A Pass on Real Life

Back in 2004, Demetri Martin wrote a week-long journal for Slate and briefly mentioned the time he decided to grow a mustache. What he admits is that despite really wanting to try one and hoping it would be well received, he’d walk up to co-workers and say, “I’m growing a mustache. Looks pretty ridiculous, doesn’t it?” He was so uncomfortable with the thought of people not liking it that he went around and convinced them that they shouldn’t.

It struck me that benign examples like this belie how powerful that emotion can be. This deep, churning insecurity propels people toward incredible ends. Afraid of what prying eyes may turn up, the mind exhibits unparalleled skill in delegitimizing, preempting and fending off judgment. But regardless of how it is channeled, disingeneousness leads to tainted, meaningless results.

It’s a similar strategy used by a kid we all knew in high school, the one who grew his hair out funny. Maybe it was a mullet or an afro or dyed strangely. While everyone else is worried about their appearance, he stands alone because the issue is no longer on the table. See, it’s meant to be funny. If he wanted to, he could do it like everyone else, he’s choosing not to. But if he gets attention for it, say girls like to play with it, naturally he doesn’t tell himself it’s because of the joke and therefore not him. All of the upside, none of the risk.

What this really is, of course, is the ideal intellectual position. The idea of defending yourself against criticism while simultaneously declaring that it has no jurisdiction over you. The idea that “Hey, we don’t care what you think about our personal lives, but there are tribes in New Guinea that have a totally different concept of gender.”

It is a reaction that is deeply rooted in fear. It is what children do. As they develop into their teens, they “strike a pose that is simultaneously rebellious and lackadaisical.” They’ve looked backwards and forwards and noticed a disturbing trend, that their responsibilities are increasing at a dramatic rate while the amount of fun, which seemed to be endless just a few years back, is showing signs of slowing down. At this point of optimal freedom and diminished accountability, they’d like to freeze, to “stay in place.”

In a way, you could think of Lady Gaga as the queen of this movement. Self-discomfort is such a motive, driving force that it is what transports a person from here to here. Take away the trappings and the costumes, is there really any difference between her and someone like Britney Spears? She’s part of the same machine. She uses the same songwriters, the same marketing, exploits the same stereotypes. But for some reason, she wants us to know that it’s different. For her, it is ironic. You see, she used to do Iron Maiden covers at bars in the East Village. Does this mean something? Maybe it’s avant-garde and provocative instead of trite and artificial. Or maybe it’s all too confusing and we’ll never know.

In any uncomfortable situation – of which, deciding the type of life you’re to live is one of the most stressful – our doubts can push us to do anything, anything that creates certainty. Irony and absurdity can be ultimate diffusions of this tension, and so can aggression, posturing and non-engagement. Deciding to grow a mustache? Make fun of it while secretly hoping someone will tell you they like. Better yet, grow a comical mustache that nobody gets. If they can’t tell if you like it, then they can’t judge it. Crisis averted.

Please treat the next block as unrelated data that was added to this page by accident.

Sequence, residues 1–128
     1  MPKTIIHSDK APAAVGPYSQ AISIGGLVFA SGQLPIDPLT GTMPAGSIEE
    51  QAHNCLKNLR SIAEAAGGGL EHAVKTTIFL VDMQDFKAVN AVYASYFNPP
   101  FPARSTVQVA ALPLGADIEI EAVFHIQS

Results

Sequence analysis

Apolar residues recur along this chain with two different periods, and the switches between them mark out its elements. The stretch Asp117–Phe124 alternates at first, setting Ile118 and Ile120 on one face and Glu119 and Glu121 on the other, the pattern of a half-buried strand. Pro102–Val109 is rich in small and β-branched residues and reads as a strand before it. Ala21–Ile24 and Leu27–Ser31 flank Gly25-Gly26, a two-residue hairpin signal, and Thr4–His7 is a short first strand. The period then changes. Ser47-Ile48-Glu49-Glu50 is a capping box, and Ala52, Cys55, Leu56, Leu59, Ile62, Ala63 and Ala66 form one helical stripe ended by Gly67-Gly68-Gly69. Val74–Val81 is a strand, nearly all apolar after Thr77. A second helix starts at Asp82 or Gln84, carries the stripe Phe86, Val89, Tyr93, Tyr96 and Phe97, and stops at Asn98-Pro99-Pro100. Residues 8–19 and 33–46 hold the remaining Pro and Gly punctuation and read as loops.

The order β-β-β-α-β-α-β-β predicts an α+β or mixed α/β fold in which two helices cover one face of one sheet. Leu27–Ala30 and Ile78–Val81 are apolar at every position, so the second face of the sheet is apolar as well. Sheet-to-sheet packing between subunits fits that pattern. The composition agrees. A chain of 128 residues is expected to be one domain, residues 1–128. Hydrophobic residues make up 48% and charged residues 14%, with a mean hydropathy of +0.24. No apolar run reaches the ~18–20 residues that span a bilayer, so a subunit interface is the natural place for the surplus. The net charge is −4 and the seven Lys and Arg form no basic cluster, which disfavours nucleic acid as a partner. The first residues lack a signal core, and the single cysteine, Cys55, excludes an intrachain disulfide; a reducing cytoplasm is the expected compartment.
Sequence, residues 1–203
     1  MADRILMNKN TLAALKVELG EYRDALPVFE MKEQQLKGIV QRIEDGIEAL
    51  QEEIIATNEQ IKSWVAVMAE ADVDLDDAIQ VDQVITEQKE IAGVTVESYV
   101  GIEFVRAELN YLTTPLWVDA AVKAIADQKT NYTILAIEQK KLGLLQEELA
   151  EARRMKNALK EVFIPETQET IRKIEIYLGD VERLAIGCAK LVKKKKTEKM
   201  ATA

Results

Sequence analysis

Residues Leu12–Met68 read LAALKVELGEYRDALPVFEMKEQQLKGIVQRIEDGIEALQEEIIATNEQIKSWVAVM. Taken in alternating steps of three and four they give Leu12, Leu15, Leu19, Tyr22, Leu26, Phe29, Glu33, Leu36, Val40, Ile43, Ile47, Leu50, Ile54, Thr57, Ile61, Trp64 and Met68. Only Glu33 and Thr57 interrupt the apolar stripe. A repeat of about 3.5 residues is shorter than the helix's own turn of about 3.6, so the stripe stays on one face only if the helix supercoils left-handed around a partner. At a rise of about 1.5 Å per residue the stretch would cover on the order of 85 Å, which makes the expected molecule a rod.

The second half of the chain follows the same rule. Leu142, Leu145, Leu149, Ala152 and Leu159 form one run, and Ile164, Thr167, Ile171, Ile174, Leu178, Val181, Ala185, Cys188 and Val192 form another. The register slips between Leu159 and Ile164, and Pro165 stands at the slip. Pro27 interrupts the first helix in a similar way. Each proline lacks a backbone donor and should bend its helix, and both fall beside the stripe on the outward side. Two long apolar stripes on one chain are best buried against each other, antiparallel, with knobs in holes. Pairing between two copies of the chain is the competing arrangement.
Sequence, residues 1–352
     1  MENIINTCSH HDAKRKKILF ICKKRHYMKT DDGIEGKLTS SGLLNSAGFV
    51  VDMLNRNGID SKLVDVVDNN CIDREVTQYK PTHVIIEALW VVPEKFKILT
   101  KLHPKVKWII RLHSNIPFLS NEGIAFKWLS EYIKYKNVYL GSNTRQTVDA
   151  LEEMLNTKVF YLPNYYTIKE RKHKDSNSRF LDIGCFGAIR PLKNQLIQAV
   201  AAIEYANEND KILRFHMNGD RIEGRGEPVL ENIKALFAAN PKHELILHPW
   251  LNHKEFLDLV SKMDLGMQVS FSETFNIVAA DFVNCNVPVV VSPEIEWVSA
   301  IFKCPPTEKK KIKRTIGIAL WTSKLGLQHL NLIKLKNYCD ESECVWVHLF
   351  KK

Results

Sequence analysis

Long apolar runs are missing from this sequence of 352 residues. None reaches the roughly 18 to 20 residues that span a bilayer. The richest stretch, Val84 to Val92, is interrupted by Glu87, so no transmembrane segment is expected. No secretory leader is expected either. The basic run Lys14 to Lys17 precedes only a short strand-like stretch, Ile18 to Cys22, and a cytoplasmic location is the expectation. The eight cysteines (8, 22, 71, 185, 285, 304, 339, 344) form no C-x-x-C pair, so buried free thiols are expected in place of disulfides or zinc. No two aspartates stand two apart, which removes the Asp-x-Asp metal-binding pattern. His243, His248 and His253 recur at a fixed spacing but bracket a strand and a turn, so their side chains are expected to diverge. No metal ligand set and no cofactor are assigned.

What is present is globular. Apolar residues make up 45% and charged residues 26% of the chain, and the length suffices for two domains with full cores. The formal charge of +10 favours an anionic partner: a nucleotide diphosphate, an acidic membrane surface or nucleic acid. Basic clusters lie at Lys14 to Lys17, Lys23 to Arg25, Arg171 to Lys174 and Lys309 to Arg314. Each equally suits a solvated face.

We now see this writ large. Instead of outgrowing it, we’ve embraced it. Think about the prevalence of irony in hipster culture. At the root of that irony is loathing. Loathing comes from ignorance and fear, two powerful feelings that associated with entering a new era. It is responsible for so much of what is wrong with internet culture. People yell and scream and rant on blogs because they’re filled with doubts which they hope to god will never be illuminated. They follow this band for three months and drop it for another because loyalty requires sincerity and sincerity depends on honesty – risks with too much downside.

But where does this transference of insecurity take us? The result is a pass on the burdens of real life. It becomes easier to dig at the tenets of evolution and the human nature in order to concoct some scientific justification for a decision than to take a stand and deal with it. Of course individual choice can be judged. What a masturbatory discussion to even be having. In fact, in asserting that it cannot be, you’re admitting that it often is and will continue to be but that you happen to not like it.

The solution is to not be so fucking hard on yourself. You become afraid of what people will see when they look at you only if you think their conclusions can change things. This is false. Ease up and look internally with calmness and dispassion. Think about your flaws as burrs or splinters that have been unnecessarily affecting your walk. Discard them and move on. Don’t pick at them shamefully in the dark and overcompensate during the day. There’s no need to use every issue as a cat’s paw to scratch at yourself or some vague insecurity. It’s okay. The only thing that’s truly embarrassing is to become some preposterous douche you hardly recognize because you can’t stand the prospect of being genuine and hated for it.

Written by Ryan Holiday
Ryan Holiday is the bestselling author of Trust Me, I’m Lying, The Obstacle Is The Way, Ego Is The Enemy, and other books about marketing, culture, and the human condition. His work has been translated into thirty languages and has appeared everywhere from the Columbia Journalism Review to Fast Company. His company, Brass Check, has advised companies such as Google, TASER, and Complex, as well as Grammy Award winning musicians and some of the biggest authors in the world. He lives in Austin, Texas.